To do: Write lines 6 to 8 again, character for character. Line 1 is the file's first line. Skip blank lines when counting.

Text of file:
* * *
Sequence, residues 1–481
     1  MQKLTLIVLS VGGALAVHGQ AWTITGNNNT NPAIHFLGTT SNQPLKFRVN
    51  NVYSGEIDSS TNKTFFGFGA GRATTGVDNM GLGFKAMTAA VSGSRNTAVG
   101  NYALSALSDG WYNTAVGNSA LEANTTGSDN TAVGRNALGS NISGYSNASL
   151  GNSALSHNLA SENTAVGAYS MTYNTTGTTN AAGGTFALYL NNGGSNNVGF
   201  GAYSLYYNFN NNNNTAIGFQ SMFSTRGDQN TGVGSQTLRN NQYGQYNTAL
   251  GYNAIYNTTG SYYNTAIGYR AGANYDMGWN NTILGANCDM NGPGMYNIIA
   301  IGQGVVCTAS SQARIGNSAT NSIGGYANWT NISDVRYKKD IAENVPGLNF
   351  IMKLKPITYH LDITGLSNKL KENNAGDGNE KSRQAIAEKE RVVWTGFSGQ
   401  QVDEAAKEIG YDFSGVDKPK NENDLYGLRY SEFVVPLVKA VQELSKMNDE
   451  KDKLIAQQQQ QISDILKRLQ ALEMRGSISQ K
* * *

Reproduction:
   201  GAYSLYYNFN NNNNTAIGFQ SMFSTRGDQN TGVGSQTLRN NQYGQYNTAL
   251  GYNAIYNTTG SYYNTAIGYR AGANYDMGWN NTILGANCDM NGPGMYNIIA
   301  IGQGVVCTAS SQARIGNSAT NSIGGYANWT NISDVRYKKD IAENVPGLNF